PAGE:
- Google’s YouTube grew ad revenue 15.5% year-over-year in Q4 to $9.2 billion, per an earnings statement from parent Alphabet, a sign that appetites for premium formats like video are on the rebound. The company’s overall ad revenue for the period hit $65.5 billion, an 11% YoY increase.
- Search and other, Google’s largest segment, was up 12.7% YoY to $48 billion for the key holiday window. The tech giant continues to work on implementing a Search Generative Experience (SGE) powered by generative artificial intelligence (AI) that it views as transformational for the business.
- Another area highlighted by executives was subscriptions, which drew $15 billion in revenue in 2023, up five times since 2019. YouTube has been a pillar of Google’s subscription strategy, with new additions, including NFL Sunday Ticket, attracting more users and advertisers.
A positive quarter for YouTube indicates brands are again loosening their purse strings and spending more on pricier ad formats like video. Industry forecasts have suggested ad spending is primed for a more positive run after a fallow 2022-23, bolstered by major cyclical events including the Summer Olympics and an election cycle.
While some individual segments performed well, Google missed Wall Street’s estimates on overall ad revenue, sending shares sharply down. The company’s network revenues dipped 2% YoY, reflecting a brutal moment for the digital publishing space.
Executives attributed YouTube’s Q4 gains to a mix of direct response and brand advertising while noting that monetization for Shorts, the platform’s answer to TikTok, continues to “progress nicely.” YouTube has yet to break out revenue figures for Shorts but is working on less interruptive ad formats and easier ways to make content, such as a YouTube Create app that leverages generative AI to help users put together glossy videos without a big studio budget.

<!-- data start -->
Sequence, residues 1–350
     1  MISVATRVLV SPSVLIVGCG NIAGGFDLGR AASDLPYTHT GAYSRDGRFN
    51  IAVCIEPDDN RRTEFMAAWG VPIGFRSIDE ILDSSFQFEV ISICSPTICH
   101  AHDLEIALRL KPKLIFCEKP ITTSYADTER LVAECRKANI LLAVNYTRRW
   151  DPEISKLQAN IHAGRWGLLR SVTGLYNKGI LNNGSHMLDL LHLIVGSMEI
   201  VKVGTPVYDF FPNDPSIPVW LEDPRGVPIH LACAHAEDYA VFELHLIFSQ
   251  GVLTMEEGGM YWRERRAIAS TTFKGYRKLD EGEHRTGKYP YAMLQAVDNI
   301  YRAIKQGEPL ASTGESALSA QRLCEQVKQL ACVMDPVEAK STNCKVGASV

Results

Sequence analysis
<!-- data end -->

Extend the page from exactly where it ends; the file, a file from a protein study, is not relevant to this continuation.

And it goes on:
Connected TV (CTV) remains YouTube’s fastest-growing channel, with NFL Sunday Ticket positioned as an accelerant for subscriber and brand interest. The platform’s first season hosting the pro football package brought in more than 90 upfront and scatter advertisers, including Unilever.
As with Shorts, refining CTV monetization is a top priority. YouTube has introduced more offerings tailored to the channel, including 30-second unskippable ads, pause experiences and the ability for viewers to send promotions they see on TV to their phones.
Search also grew at a healthy clip in Q4, with the retail vertical leading the way. Executives were peppered with questions about how SGE developments will impact the future of search, both in terms of the user experience and advertising, but leaders continued to position the tech as a win-win.
“SGE is creating new opportunities for us to improve commercial journeys for people by showing relevant ads alongside search results,” said Chief Business Officer Philipp Schindler during the analyst call.